This infographic can help you recognize the early signs of canine OA as well as risks by breed and how age plays a role.

  • Early signs of OA

    Your playful, active dog doesn’t want to slow down, but your dog will give you hints that canine osteoarthritis (OA) is starting to set in. Watch for your dog showing any of these early warning signs:1,2

    • Acts more anxious, restless or irritable
    • Struggles to get comfortable and frequently changes positions
    • Slower to get up or sit down
    • Shifts weight from side to side or front to back while standing
    • Shows less interest in playing
    • Hesitates before doing normal activities like walking, sitting or climbing stairs
Why is my dog limping?
How come my dog won’t climb stairs?
Why won’t my dog jump into the car?

The answer could be your dog is showing signs of canine osteoarthritis (OA). Take the quiz to see your dog's OA risk.


Getting Pet Owner Involved

Denis J. Marcellin-Little

“We’ve got to be very sensitive to what the owner sees at home. Even if the owner is not that concerned about what they see, we’ve got to probe them. We’ve got to ask them what’s going on at home, and we’ve got to never dismiss as a clinician some red flags that the owner will bring up.

“An unusual limb position, an unusual way to sleep, an unusual posture or gait most often is going to be the consequence of a painful joint that may not be diagnosed yet.”

David L. Dycus

“We want to let them know on the front end this is the expectations and these are the things that we can do to hopefully prevent in some situations,

“...or at least dramatically slow down the progression, so that they may never have clinical signs that we need to manage pharmaceutically or from other options.”

Kristin Kirkby Shaw

“While osteoarthritis is a potentially debilitating disease, it doesn’t always have to be, and it doesn’t have to be a scary word. We need to frame it in a positive sense and a hopeful sense and give clients the tools to help their own dog.

“And ultimately we, as veterinarians, are the advocate for the dog. And by not having these tough conversations with the client, we’re not doing our job.

Whit Cothern

“Having these conversations about osteoarthritis, especially in these higher risk breeds, with the pet owner is vitally important.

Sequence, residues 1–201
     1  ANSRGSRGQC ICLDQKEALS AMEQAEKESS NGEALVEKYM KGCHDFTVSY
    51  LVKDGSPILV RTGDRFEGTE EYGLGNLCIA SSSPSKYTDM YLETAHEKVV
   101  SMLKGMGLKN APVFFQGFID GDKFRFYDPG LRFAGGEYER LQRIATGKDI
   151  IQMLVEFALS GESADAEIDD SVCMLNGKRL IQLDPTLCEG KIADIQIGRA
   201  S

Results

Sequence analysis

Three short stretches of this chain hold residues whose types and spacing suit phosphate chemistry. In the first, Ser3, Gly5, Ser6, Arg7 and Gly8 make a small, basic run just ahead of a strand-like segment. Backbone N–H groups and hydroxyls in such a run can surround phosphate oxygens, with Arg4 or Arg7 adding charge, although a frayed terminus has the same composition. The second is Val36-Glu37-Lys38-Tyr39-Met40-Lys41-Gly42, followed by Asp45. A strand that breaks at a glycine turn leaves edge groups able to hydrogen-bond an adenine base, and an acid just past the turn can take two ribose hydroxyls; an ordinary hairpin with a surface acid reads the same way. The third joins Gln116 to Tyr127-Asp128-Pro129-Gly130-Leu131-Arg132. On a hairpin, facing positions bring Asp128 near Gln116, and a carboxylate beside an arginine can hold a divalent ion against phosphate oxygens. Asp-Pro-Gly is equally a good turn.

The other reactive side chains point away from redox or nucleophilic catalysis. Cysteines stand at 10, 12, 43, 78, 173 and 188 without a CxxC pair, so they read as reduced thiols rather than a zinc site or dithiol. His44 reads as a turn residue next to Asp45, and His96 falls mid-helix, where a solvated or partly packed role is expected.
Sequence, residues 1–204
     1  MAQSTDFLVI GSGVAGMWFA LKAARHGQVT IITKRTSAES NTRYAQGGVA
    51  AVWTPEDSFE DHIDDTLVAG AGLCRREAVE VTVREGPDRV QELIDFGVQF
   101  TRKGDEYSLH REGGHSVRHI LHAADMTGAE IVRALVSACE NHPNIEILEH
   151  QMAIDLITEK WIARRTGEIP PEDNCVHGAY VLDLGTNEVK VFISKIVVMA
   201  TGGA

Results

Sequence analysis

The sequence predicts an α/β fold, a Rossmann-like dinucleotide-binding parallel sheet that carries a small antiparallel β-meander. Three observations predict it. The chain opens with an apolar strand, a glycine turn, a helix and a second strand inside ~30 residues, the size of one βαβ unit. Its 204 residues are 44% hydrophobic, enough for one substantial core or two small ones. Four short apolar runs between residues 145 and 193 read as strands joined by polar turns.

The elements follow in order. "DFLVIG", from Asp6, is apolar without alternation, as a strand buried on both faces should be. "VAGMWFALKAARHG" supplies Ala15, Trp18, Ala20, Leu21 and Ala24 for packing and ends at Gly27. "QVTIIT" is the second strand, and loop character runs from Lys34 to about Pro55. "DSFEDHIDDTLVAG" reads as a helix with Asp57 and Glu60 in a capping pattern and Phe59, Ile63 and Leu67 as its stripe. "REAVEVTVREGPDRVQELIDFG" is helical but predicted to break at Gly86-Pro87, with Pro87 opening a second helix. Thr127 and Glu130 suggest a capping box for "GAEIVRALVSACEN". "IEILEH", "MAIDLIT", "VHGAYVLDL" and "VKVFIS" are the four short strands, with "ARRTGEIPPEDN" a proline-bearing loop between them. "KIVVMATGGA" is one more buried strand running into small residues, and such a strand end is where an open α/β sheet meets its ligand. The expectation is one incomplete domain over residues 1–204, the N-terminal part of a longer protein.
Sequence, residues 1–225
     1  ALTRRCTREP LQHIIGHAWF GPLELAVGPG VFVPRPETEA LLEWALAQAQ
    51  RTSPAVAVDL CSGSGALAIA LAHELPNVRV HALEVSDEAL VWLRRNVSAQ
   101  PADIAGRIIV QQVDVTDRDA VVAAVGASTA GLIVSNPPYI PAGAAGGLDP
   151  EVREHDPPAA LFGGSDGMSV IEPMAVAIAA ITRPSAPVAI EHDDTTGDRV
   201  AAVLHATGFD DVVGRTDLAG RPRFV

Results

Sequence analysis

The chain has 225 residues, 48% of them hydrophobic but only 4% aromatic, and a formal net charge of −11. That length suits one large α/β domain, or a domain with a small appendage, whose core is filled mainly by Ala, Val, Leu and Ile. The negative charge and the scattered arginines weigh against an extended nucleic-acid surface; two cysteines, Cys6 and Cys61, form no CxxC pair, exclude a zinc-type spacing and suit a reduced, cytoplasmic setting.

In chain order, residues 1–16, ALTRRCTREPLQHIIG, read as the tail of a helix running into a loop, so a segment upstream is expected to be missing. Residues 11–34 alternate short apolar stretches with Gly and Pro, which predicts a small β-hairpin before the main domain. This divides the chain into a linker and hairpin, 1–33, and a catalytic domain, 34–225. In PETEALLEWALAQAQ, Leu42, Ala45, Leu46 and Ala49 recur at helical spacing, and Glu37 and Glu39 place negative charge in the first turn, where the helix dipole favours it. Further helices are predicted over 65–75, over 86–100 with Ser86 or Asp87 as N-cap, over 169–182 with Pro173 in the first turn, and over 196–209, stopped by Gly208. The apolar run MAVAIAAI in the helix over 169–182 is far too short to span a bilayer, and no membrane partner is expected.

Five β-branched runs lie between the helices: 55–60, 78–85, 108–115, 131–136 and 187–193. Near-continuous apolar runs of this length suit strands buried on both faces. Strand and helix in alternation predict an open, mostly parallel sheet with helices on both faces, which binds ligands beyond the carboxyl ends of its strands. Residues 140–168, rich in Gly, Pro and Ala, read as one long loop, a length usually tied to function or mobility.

“We want to loop them in on the therapies that are available. We want to have the discussions about nutrition and weight management and breed predilections.”

The participants are paid consultants for American Regent Animal Health. The opinions of these consultants may not be representative of American Regent Animal Health.

© 2020, American Regent, Inc. NP-NA-US-0343 11/2020


While canine OA can affect any breed of dog, some breeds are more prone than others to experience its debilitating effects.


including puppies and young dogs, may show occasional signs of OA that last only a few seconds. Starting veterinary management at this age is ideal to help keep cartilage healthy.


may start to be unable to tolerate exercise and have difficulty performing activities of daily living. OA becomes more difficult to manage at this age because of worn cartilage, but veterinarians can still give dogs of this age some relief from OA.


can experience occasional signs that are more frequent and last longer. Veterinary intervention is critical at this age in order to slow down OA so it’s not debilitating later in life.


experiencing OA may show the most advanced signs. If OA isn’t diagnosed and managed earlier in their lives, they may have little or no ability to move when finally diagnosed.

  1. Clinician’s Brief, Aug 2013, Canine OA, DA Canapp, DVM, CCRT, CVA, DACVSMR.
  2. Face validity of a proposed tool for staging canine osteoarthritis: Canine Osteoarthritis Staging Tool (COAST), T. Cachon, O. Frykman, J.F. Innes, B.D.X. Lascelles, M. Okumra, P. Sousa, F. Staffieri, P.V. Steagall, B. Van Ryssen, COAST Developmental Group, The Veterinary Journal, 235 (2018) 1-8.